So not completely in the closet, since there are a number of people who know now. As far as family: my husband, kid, one cousin, and two brothers know. Most of my close friends know and the ones that don't are for very calculated reasons. My parents don't have a clue, although I think my dad suspects I have gone astray a bit, but he would never say anything. My mother just thinks I have become more liberal. I've been "becoming more liberal" for a long time, but since I avoid talking about politics and religion with anyone in my family, no one is aware of the extent of my shift in opinions.
When I meet new people now I am very honest about my beliefs. I make it clear fairly early on in the relationship, whether that is a friendship or more of a working relationship, that I am not a believer. In the Bible belt the subject comes up a lot more than it should. No one has invited me to church although a few people have mentioned prayer in the context of me being stressed out with the adoption process.
The person who seems to have the most issues with me being in the closet is my kid. I know, for him it probably feels like he is keeping this big secret. And maybe that is unfair to him. But I have known my family for 36 years and he has known them for just under eight months. I think I am the better judge of how these people will handle this information. Or as I told him, "It is my secret to tell." I also explained that although I know he doesn't like it, to tell people against my wishes would be a violation, even if he doesn't agree.
It used to bother me more that I was so in the closet, but at this point I think enough people know that I don't feel so confined. And it's not like I am a different person. I'm just not convinced there is a god.
I've always had trouble making friends. As a kid it was a bit easier because you didn't worry about things like having something in common or what life stage you were in. You like to play with paper dolls? Me too! Let's do it. As a teenager I struggled with making friends because I was sheltered and naive. I knew that some of the kids in my youth group weren't wholesome per-se, but they were at church so how bad could they be? Little did I know at the time, but the other kids could see this in me and rather than exploit it, they too protected me. No one told me they were in a gang. I found that out much later, after I had left the church. My best friend in high school (who also went to my church)...well, it turns out she was using me as a way to manipulate her mother. I wasn't even her best friend. She had another best friend and they would send each other notes laughing about how stupid it was that I didn't see through her lies. I know this because when her mother and I finally caught wind of what was going on, her mother showed me. The level of hurt I felt was deep.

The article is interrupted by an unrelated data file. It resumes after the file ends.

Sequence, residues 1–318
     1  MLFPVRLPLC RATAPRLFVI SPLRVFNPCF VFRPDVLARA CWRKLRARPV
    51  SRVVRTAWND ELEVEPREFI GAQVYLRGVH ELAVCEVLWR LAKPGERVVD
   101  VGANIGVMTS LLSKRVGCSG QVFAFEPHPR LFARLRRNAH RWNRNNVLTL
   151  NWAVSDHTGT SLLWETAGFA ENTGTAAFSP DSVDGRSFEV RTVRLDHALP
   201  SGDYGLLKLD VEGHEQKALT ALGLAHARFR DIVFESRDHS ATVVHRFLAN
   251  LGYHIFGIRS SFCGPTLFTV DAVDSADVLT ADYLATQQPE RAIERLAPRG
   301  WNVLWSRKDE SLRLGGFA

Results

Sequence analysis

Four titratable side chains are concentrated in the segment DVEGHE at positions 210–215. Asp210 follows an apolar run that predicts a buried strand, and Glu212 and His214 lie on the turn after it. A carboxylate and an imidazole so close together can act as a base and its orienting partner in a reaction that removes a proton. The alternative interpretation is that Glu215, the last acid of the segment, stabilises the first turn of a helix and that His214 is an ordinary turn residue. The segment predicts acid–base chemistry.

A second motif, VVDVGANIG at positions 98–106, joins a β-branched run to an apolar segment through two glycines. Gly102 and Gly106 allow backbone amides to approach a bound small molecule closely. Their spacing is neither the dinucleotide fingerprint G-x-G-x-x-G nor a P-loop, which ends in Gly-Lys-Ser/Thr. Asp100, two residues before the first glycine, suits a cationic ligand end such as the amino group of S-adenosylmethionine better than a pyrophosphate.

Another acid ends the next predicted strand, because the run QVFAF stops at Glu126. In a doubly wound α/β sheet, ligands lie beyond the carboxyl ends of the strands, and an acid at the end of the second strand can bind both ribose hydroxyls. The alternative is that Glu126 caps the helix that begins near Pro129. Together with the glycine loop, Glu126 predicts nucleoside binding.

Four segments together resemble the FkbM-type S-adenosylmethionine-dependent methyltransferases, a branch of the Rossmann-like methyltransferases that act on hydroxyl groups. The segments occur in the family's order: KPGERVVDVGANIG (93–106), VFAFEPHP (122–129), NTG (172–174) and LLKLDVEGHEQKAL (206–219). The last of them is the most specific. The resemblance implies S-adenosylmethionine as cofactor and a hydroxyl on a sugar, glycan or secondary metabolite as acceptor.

Around eighteen, I started to make a nice group of friends. No longer as niave or trusting, I was more cautious around these people. I vetted them carefully. I held back from the people in our friends circle who seemed too wishy washy or dramatic. This served me well. I made several really good friendships from this time. Those friendships have been a struggle to maintain, but I am quite proud that I have had the same best friend for almost twenty years now and talk to many of them regularly. There's about five of them and I really do value their friendship.
I have moved several times all over the country and I readily admit that I struggled with forming connections with people. I thought at the time that the way to build friendships was to just go to church. Of course, looking back at my most lasting friendships, none of them were formed in a church. Not a single one. But I had bought the lie of the church that says that the church is where you should go to fellowship. It's where people are who will support you and encourage you. So everywhere I moved, I would immediately start looking for a church to go to, because that's how you become friends, right? Proximity + one single common interest (God) = friends. Right? It took me way too long to realize that this was a terrible formula that did not work for me at all.
So let's break down for a moment some of the barriers that exist that I think limit my opportunities to make friends:
1. Questions. To me, playing the twenty-question game with every new person I meet is exhausting. I try to have more organic conversations. If I mention I have a sibling, I'm not going to drill you about whether you do too. I mean, I just assume (perhaps incorrectly) that if you had a sibling you would now insert it into the conversation if you wanted to. I have been told by people that this lack of asking questions makes it seem like I don't care. I do. I just don't want to have to pry information out of you.
2. Opionated. I am opinionated. For the most part, my opinions are well-informed as I read a LOT, but it can come across as a bit strong. I hold my tongue a lot. People have no idea how much I hold my tongue. I have some really strong opinions about some subjects that I don't share with a damn soul. But even with me holding back, the being opinionated can be a bit much for some people.